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January 31, 2006

Writing For Clients--Just Say It-Part 5. "Write Like You Talk"!

In December I tried to write four posts on saner writing: parts One, Two, Three--and finally Part Four, which set out the same 8 rules for sane writing which appears in our firm's Practice Guide for associates and paralegals. At the time I was flattered that Ray Ward at Minor Wisdom and Patrick Lamb at In Search of Perfect Client Service commented on these posts favorably because I know they both care about straightforward and sane legal writing. Long after finishing these posts, I noticed a wonderful post on marketing by Michelle Golden last October at her Golden Practices site. One of her writing rules: "Write Like You Talk. That's how people like to read. Even if you are writing to the most educated target market - keep it simple. The best test of writing is how it sounds when you read it out loud." I liked that.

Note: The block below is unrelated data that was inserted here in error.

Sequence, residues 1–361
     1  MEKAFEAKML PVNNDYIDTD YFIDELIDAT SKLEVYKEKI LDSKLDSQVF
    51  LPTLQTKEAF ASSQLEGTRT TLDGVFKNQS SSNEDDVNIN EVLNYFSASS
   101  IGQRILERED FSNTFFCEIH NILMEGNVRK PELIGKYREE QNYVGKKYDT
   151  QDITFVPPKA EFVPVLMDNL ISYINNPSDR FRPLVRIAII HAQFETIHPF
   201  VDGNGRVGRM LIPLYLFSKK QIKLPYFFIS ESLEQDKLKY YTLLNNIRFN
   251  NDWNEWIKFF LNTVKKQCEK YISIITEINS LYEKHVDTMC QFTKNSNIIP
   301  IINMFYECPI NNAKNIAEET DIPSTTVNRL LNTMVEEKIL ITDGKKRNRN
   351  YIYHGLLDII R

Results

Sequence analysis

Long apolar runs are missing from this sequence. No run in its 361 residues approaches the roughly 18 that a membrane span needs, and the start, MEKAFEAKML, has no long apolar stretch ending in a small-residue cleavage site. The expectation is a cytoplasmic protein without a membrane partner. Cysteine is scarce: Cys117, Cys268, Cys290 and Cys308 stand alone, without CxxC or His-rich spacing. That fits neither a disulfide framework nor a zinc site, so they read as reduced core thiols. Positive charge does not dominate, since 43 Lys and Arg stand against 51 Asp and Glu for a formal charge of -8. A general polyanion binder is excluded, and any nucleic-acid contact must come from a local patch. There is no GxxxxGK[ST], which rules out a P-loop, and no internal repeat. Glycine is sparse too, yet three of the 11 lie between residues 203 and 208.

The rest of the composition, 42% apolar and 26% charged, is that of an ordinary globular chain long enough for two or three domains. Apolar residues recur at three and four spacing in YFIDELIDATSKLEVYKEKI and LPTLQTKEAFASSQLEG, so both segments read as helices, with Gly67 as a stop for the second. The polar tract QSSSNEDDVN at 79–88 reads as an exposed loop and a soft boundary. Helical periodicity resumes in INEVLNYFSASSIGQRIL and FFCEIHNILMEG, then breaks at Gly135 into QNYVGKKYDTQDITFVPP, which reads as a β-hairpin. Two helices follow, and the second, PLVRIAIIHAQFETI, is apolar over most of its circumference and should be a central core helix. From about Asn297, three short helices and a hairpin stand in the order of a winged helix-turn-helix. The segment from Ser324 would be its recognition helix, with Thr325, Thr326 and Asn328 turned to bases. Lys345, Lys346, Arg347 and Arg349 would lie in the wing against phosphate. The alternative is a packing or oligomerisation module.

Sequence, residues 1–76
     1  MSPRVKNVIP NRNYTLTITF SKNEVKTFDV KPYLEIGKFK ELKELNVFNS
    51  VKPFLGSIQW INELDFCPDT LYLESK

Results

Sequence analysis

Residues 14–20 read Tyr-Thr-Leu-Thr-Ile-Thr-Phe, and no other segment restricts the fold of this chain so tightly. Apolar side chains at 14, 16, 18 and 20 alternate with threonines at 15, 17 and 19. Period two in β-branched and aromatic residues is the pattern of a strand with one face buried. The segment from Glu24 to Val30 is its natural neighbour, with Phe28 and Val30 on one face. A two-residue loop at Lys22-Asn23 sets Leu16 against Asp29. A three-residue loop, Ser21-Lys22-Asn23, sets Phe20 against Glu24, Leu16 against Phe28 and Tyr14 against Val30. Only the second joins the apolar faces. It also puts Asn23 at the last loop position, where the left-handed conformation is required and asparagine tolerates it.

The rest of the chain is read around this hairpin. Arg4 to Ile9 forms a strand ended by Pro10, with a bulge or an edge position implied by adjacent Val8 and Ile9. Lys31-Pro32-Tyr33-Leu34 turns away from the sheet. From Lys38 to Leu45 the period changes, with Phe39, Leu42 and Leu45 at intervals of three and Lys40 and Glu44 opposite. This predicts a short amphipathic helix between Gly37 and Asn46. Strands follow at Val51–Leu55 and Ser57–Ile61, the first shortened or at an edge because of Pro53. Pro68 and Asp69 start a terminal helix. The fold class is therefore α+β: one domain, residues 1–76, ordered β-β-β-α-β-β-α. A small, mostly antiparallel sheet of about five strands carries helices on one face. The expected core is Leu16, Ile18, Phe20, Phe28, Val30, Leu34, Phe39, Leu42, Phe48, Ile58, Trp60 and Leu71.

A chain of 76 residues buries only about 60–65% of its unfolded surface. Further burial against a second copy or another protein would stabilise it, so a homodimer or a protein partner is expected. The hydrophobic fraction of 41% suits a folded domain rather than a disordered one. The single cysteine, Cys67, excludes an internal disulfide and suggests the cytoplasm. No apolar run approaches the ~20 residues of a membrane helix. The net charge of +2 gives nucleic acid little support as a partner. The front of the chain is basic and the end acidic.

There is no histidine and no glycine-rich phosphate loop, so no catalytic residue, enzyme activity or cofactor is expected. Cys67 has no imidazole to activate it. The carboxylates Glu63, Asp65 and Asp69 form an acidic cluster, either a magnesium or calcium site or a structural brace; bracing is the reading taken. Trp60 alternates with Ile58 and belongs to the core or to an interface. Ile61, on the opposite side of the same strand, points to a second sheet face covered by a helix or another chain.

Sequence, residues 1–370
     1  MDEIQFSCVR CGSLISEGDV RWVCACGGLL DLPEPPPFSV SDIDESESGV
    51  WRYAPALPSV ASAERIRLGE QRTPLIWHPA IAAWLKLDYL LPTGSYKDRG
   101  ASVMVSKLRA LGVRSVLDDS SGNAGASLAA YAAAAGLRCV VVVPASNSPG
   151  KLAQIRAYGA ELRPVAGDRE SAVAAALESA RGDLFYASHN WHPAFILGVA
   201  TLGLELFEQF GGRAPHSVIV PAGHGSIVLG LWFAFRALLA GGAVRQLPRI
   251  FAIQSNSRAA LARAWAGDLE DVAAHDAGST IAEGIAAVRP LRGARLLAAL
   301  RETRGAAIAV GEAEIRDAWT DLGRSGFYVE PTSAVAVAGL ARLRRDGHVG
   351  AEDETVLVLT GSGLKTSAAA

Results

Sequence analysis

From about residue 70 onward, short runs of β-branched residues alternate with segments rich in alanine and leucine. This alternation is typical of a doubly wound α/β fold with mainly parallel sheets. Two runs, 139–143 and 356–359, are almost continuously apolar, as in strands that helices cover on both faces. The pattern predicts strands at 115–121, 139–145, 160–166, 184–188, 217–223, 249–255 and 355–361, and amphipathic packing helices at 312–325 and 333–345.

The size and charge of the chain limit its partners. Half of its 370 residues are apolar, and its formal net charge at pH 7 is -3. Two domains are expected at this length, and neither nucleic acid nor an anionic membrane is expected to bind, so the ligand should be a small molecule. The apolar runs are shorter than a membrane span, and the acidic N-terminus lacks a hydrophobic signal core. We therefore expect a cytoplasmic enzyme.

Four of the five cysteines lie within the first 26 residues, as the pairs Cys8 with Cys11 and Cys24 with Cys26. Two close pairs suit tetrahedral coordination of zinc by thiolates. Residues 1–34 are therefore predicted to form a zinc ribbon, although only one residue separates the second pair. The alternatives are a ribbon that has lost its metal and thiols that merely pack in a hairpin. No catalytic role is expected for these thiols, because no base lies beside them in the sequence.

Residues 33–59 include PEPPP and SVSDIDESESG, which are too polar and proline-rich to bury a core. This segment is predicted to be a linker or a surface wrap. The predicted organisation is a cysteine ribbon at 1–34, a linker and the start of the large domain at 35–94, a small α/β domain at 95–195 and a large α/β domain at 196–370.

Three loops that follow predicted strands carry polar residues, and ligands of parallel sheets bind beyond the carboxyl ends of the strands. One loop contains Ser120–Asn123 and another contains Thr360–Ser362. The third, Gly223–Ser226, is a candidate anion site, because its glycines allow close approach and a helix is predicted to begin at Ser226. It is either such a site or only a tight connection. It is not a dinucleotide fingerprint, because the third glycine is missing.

Much writing by even the most talented lawyers, and especially by those just starting to practice, is characterized by an awkward and often wordy stream-of-consciousness quality in which the lawyer-writer is apparently "talking to himself/herself." This happens--especially on briefs or longer documents--because the writer is so familiar with the topic that he or she lapses into an archaic "code" and starts, in effect, to mutter on paper. If you just say "it" out loud in "people" language, often right away you'll hear a clearer and shorter sentence you can use. And you'll have a sentence an unwashed reader can pick up on and understand quickly and appreciatively. "Writing like you talk" is an effective way to get yourself back into gear when you're writing and you've lost your path. Thank you, Michelle.

Posted by JD Hull at January 31, 2006 03:10 PM

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